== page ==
Tid: Tisdag 26 september 2017, kl. 10:00-12:00
Plats: C307, Södra huset, Frescati


Bilingual exposure alters perceptual and cognitive processing starting during infancy (Kovács & Mehler, 2009a; Werker & Byers-Heinlin, 2008) resulting in lifelong consequences for linguistic and cognitive processing, both costs and benefits (Bialystok, 2011).  During infancy, bilingual exposure also alters memory processing. The talk will cover data on how bilingual exposure alters memory processing in children from 6 months to 3 years of age.  Memory flexibility involves the ability to recognize functional equivalence between objects despite perceptual changes. Monolinguals show high levels of memory specificity (e.g., Hayne, MacDonald & Barr, 1997) whereas bilinguals show evidence of earlier memory flexibility but no differences in memory recall.  These results suggest that bilingual infants may develop adaptive memory flexibility more rapidly than monolinguals. Dr. Barr will also discuss the implications of the work for our understanding of how early environmental variations shape the trajectory of memory development and cognitive flexibility, and practical implications for early bilingual education.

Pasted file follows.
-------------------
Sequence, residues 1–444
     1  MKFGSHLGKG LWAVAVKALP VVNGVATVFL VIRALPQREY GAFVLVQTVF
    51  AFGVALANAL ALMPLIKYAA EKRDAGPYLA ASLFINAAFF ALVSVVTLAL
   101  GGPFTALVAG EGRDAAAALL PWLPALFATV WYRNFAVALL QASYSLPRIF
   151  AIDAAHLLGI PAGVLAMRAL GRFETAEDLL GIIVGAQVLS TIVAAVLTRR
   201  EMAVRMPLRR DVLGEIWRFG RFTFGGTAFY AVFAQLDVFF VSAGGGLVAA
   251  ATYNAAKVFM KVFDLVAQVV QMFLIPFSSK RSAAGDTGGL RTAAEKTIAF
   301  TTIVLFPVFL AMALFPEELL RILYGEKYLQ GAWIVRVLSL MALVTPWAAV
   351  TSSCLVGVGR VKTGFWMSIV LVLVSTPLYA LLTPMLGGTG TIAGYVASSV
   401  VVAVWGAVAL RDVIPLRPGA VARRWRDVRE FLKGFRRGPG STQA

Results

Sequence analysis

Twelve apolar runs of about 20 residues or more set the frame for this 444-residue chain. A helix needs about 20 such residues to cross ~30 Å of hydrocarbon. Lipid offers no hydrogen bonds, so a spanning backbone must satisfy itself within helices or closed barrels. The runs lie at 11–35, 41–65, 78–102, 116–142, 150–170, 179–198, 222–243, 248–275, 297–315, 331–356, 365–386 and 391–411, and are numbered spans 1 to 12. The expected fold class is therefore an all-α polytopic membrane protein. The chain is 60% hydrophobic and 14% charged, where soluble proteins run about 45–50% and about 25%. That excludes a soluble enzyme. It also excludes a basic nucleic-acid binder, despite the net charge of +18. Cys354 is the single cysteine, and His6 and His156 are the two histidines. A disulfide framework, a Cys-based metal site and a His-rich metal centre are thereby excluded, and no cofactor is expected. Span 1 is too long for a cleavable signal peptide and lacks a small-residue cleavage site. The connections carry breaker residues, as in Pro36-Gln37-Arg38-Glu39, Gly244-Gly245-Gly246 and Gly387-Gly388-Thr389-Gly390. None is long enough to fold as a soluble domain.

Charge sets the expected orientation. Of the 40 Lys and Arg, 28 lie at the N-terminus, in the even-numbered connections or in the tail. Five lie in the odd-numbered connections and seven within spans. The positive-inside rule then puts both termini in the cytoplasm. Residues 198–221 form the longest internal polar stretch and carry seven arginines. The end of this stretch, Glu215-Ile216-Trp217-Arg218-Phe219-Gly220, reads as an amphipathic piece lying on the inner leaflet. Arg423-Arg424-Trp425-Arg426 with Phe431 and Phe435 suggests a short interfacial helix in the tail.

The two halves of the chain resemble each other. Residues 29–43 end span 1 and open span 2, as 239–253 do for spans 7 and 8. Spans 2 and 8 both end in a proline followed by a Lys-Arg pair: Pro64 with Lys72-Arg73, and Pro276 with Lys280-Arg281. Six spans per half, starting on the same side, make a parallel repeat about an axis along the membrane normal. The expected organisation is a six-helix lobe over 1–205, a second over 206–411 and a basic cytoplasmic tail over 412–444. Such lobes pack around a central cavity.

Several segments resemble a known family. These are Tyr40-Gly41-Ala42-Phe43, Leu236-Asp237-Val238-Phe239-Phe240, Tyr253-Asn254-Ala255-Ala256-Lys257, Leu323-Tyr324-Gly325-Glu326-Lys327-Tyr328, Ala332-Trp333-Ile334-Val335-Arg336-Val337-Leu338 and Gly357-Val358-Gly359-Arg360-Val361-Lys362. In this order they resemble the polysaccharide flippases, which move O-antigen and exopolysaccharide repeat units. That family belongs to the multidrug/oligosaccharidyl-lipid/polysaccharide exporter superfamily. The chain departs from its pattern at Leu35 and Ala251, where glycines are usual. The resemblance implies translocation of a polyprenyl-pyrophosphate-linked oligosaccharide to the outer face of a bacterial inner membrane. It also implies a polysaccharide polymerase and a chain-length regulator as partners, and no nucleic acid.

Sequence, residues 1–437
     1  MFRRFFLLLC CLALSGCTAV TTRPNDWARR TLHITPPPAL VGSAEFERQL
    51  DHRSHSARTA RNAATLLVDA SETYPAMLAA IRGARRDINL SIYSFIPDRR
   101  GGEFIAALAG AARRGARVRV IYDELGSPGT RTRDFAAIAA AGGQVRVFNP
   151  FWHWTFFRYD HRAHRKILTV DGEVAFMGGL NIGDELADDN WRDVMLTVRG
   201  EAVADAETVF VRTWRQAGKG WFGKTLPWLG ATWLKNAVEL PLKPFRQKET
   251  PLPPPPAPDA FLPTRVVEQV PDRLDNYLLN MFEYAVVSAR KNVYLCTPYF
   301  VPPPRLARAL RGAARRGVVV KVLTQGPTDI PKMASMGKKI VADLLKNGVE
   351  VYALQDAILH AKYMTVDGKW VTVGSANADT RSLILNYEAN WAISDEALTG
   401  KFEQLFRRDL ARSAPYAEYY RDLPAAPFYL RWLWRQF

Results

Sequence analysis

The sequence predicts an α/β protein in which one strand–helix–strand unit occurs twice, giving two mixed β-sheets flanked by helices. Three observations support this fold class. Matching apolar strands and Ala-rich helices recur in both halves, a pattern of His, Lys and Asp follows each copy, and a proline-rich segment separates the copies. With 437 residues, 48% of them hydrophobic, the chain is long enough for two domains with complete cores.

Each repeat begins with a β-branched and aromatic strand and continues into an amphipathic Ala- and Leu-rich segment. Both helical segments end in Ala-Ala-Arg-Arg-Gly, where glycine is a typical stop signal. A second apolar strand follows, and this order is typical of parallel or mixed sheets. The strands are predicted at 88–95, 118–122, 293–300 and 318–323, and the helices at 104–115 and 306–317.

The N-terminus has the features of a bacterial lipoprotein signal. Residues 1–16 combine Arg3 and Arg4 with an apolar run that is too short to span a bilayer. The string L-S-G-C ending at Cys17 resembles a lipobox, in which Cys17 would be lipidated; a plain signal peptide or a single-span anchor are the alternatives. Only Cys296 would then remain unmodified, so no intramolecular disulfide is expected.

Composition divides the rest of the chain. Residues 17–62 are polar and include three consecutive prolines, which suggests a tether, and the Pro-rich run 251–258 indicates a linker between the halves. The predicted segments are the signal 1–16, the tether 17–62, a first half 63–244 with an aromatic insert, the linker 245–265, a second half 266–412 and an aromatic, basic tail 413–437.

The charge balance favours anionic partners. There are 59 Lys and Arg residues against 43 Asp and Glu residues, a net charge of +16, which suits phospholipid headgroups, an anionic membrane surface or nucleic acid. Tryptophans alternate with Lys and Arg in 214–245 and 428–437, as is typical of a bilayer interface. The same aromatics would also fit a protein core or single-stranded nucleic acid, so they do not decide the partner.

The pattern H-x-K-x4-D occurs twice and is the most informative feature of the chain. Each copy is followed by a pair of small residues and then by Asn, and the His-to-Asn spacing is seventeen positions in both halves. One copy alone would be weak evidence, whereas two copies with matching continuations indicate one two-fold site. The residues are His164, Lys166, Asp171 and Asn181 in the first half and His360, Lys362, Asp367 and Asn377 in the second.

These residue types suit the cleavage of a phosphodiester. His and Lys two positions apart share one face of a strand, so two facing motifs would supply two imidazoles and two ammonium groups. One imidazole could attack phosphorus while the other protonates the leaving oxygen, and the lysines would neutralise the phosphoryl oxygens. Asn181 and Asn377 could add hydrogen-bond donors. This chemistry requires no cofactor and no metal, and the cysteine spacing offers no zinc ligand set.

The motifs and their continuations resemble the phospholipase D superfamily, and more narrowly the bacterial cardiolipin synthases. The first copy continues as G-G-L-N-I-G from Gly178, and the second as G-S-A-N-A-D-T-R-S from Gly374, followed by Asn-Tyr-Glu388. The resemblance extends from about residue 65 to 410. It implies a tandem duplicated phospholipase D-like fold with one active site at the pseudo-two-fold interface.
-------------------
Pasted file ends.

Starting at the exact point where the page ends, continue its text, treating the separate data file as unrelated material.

About Rachel Barr

Dr. Rachel Barr (Website at Georgetown University) is an Associate Professor in the Department of Psychology and director of the Georgetown Early Learning Project at Georgetown University in Washington, DC.  The Georgetown Early Learning Project has focused research on perceptual processing differences during infancy and cognitive processing differences during early childhood.   Her area of expertise is on early memory and learning. She studies learning from multiple sources, including learning from media, learning from adults and more recently learning in bilingual language environments.  Her recent work has examined how bilingual exposure alters memory processing during infancy.

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